2 The Percy Jackson Finale’s Disney World Reference Is Hilarious

It’s Also Meta Considering Where The Show Comes From

Annabeth and Percy Jackson from the ending of Percy Jackson season 1

Percy’s final conversation with Annabeth in the Percy Jackson season 1 finale also contains a pop culture reference — and it’s fairly meta considering the studio behind the show. Annabeth tells Percy that she’s going to Disney World with her parents when she returns home. She’s never heard of the theme park, and she compares it to episode 5’s Waterland. She then worries that there could be deadly threats at Disney too, a hilarious development that also nods to the studio behind Percy Jackson & the Olympians.

1 Sally Jackson’s Blue Chocolate Chip Pancakes Are A Book Reference

This Sweet Easter Egg Shows Percy & His Mom Are Back To Normal

Percy and Sally finally reunite in the Percy Jackson season 1 finale, and they appear to be thriving after the events of the first outing. Percy Jackson‘s post-credits scene even confirms they’ve gotten rid of Gabe. A glimpse of their life shows Sally making blue chocolate chip pancakes, another nod to Riordan’s novels. In the books, Percy and Sally eat a lot of blue food, with Sally attempting to reference Percy’s father with the color. The Disney+ series shows this when Sally brings Percy blue candy during the premiere, and Percy Jackson & the Olympians highlights it again with the pancakes.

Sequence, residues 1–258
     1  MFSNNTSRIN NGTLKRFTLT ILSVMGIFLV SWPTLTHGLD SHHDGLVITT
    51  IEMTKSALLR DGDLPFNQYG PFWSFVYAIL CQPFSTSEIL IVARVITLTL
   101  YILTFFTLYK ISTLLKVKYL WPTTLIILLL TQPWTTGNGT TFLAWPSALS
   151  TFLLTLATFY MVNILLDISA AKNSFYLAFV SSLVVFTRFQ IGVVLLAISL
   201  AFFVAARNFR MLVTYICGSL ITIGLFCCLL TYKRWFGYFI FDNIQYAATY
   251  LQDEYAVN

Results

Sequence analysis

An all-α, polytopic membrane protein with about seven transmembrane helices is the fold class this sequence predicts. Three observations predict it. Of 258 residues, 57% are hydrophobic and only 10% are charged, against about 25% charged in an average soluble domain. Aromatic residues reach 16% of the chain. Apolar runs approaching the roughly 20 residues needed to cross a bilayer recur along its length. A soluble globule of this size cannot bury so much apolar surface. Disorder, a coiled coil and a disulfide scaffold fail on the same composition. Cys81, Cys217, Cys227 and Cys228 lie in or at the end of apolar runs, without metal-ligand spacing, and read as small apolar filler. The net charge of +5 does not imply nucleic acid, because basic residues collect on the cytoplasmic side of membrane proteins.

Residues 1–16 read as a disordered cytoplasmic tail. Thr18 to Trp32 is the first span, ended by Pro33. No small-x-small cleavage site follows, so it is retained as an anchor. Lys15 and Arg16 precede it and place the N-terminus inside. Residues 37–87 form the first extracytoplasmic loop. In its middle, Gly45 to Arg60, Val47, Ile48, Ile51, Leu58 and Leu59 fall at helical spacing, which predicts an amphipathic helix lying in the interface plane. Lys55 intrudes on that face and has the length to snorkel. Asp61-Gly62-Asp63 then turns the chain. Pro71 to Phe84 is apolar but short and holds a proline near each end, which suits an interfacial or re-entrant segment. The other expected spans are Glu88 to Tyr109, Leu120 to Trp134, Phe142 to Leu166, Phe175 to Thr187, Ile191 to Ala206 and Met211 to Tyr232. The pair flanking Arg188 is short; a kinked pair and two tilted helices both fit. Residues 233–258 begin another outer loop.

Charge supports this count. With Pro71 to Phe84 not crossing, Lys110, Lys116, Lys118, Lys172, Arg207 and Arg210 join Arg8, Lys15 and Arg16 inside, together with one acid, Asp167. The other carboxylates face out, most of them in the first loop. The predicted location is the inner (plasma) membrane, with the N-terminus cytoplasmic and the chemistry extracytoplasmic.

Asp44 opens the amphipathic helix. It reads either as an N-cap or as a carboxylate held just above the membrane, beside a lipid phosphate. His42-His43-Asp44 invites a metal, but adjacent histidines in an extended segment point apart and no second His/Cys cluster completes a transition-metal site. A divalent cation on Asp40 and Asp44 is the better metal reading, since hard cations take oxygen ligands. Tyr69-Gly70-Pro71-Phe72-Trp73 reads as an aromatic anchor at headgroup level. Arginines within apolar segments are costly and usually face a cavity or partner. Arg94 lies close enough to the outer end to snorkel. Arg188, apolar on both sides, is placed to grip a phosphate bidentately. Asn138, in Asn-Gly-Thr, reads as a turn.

Percy Jackson and the Olympians Poster

Percy Jackson & the Olympians

Based on the novel series by Rick Riordan Percy Jackson & the Olympians is an action-adventure fantasy television series created for Disney+. When Percy Jackson is framed for the theft of Zeus’ almighty thunderbolt, Percy must clear his name, all while harnessing the powers inherited by his father, Poseidon, at a camp created for demi-gods.

Walker Scobell , Leah Sava Jeffries , Aryan Simhadri , Jason Mantzoukas , Megan Mullally , Glynn Turman , Adam Copeland , Virginia Kull , Lance Reddick


Rick Riordan , Jonathan E. Steinberg

James Bobin , Anders Engström

Jonathan E. Steinberg , Dan Shotz